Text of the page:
“Nowadays, the wines are so technical, so purified. I’m exaggerating, but they’re made more by design, by people who have decided that they are trying to get the market with people who drink more rosé than reds,” Buoso, the winemaker of Domaine Pascal Jolivet in Sancerre, told us. “We don’t do technical wines. We don’t need to. The wine already expresses what is important. It’s the minerality that is speaking, some acidity that is speaking. When you taste, you taste the estate, the region, a particular part of France.”

Buoso, just 32 and from Venice, became head winemaker for the well-respected Domaine Jolivet in 2013. In Italy, she said, there’s still some difficulty for women who want to be winemakers. But who would guess that an Italian woman would have an easier go of it in France? It’s nice when a stereotype crumbles a bit and usually when one does, it’s because some brave soul took a hammer to it. “Overall, we have the same attitude toward winemaking,” Jolivet says of Buoso in the winery’s press materials. Jolivet’s family has been in the wine business since the early 1900s, but it wasn’t until 1987 that he created the brand, Pascal Jolivet, putting the family’s name on a label as a producer. He has 120 acres of vineyards in Sancerre and Pouilly-Fumé. 

(Photo, right: Winemaker Valentina Buoso in the barrel room at Domaine Pascal Jolivet in Sancerre)

We called Buoso recently after tasting three head-banging Sancerres from 2017 that she made: Clos du Roy ($33); Les Caillottes, which is what the French call the exalted, small Kimmeridgian limestone rocks found in the Loire Valley, Burgundy and Champagne ($41); and Le Chêne Marchand ($46). Other winemakers source from these well-regarded vineyards as well. 

The grapes Jolivet uses, organically grown in limestone-rich or chalky soils, are picked and sorted by hand. The juice is left on the lees for varying times and fermented with wild yeasts in temperature-controlled stainless steel tanks.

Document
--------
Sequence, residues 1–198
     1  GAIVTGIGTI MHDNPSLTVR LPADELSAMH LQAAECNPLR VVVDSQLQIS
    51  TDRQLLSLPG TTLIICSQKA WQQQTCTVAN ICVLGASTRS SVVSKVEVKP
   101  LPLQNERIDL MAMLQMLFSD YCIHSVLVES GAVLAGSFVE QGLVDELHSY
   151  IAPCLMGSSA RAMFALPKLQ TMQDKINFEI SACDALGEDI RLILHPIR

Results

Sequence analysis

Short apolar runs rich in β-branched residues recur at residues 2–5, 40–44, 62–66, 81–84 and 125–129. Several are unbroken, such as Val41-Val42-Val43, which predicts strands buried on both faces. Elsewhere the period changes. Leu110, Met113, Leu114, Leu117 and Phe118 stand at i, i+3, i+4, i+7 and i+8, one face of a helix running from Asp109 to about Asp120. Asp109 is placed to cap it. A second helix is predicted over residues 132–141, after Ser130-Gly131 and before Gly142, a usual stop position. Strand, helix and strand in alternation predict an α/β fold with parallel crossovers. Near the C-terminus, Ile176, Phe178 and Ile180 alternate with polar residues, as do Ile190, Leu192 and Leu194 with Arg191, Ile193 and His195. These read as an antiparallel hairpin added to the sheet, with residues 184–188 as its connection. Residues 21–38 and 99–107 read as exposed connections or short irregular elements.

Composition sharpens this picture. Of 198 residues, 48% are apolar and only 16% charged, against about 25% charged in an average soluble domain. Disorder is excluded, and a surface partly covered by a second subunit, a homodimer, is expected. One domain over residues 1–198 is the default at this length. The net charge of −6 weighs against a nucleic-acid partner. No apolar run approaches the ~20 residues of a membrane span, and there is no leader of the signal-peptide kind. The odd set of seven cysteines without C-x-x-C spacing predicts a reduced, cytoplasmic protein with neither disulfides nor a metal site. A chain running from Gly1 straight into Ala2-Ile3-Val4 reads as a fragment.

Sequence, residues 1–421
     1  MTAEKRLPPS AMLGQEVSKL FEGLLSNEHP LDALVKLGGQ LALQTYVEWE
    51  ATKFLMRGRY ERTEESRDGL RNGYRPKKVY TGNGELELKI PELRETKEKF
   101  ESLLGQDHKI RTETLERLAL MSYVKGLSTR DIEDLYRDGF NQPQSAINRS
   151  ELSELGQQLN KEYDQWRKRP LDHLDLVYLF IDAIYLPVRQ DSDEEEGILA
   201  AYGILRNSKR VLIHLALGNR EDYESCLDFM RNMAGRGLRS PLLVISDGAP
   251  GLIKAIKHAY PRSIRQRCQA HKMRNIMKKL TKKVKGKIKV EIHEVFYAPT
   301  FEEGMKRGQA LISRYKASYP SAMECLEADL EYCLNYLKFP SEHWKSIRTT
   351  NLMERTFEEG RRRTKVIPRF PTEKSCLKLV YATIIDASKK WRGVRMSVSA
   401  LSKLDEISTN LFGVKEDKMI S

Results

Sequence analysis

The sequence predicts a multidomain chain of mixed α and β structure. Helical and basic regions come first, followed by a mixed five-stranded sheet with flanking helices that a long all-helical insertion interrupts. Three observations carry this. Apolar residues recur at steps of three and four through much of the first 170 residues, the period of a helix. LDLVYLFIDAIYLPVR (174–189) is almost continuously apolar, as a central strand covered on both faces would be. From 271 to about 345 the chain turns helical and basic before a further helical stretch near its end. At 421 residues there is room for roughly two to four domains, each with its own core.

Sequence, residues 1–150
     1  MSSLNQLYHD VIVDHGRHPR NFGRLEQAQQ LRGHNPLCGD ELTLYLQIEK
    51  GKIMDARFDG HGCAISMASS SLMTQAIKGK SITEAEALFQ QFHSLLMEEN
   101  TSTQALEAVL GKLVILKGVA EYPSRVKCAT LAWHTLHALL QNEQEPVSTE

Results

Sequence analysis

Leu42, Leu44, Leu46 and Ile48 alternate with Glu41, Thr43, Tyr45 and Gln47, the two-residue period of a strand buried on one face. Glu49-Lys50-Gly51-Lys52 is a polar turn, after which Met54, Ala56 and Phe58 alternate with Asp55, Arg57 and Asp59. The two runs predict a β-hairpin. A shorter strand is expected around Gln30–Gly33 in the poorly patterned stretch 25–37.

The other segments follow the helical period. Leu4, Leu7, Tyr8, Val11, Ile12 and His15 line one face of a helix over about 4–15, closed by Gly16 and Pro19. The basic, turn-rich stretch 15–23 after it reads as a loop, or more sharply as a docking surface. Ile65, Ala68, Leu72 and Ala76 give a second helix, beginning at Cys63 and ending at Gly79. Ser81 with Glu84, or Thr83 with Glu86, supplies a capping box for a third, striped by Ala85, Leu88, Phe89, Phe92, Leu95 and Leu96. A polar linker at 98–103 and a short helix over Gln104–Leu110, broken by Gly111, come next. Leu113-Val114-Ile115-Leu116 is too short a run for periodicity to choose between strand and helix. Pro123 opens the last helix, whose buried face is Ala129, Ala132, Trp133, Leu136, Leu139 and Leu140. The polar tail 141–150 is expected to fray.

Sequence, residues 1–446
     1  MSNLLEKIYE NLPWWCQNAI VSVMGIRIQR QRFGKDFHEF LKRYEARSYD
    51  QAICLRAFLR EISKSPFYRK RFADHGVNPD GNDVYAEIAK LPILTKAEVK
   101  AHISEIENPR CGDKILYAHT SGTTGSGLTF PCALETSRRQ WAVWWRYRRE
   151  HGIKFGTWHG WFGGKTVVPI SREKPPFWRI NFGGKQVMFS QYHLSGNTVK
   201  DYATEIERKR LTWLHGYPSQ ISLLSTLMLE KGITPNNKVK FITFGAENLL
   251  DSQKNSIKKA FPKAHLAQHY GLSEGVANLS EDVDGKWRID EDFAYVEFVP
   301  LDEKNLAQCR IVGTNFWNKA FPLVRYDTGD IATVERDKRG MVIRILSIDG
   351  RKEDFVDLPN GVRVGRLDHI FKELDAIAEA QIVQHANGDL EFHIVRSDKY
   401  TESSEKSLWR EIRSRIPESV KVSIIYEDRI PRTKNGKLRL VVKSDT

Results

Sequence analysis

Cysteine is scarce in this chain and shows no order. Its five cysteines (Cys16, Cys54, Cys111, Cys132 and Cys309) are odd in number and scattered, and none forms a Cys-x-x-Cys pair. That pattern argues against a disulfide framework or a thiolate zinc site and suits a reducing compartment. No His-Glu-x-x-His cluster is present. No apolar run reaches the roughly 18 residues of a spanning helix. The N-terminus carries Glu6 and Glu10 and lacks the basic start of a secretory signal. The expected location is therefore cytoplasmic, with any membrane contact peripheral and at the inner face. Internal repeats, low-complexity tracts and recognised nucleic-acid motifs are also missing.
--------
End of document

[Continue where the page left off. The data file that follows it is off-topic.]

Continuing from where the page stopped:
Buoso spoke to us while on maternity leave; her first child, Flora -- “like flowers,” she said -- is almost five months old. Her husband, Alberto, is a winemaker at another winery. She admits to continuing to do winery work while on leave, explaining, “When we are passionate, we don’t feel the pressure.” 

She credits much of her interest in wine to a teacher who took a wine course with her when she was 16. “He encouraged me. I started studying and the more I studied the more I liked it,” she said. She earned a bachelor’s degree in viticulture and oenology from a university in Italy, with a specialty in wild yeast, did post-graduate work at another Italian university and got a master’s from a joint program at the universities of Montpellier and Bordeaux. She also has worked at wineries in California, Oregon, New Zealand, Australia and Chile. 

She loves working in the Loire Valley. “Year after year, I discover something else about the region or the potential that is in the soil. We talk a lot about terroir and climate and soil and there’s really a nice exchange this dynamic leaves in the bottle, in the wine,” she said. “We work quite naturally.”

To be sure, not all Sancerre is excellent. We’ve had some that simply seemed flat. So if you are going to spend $40 or so on one, we’d urge you to consult a good wine merchant. You might even want to take in our notes and say: “I want one that will taste like this!” Here they are: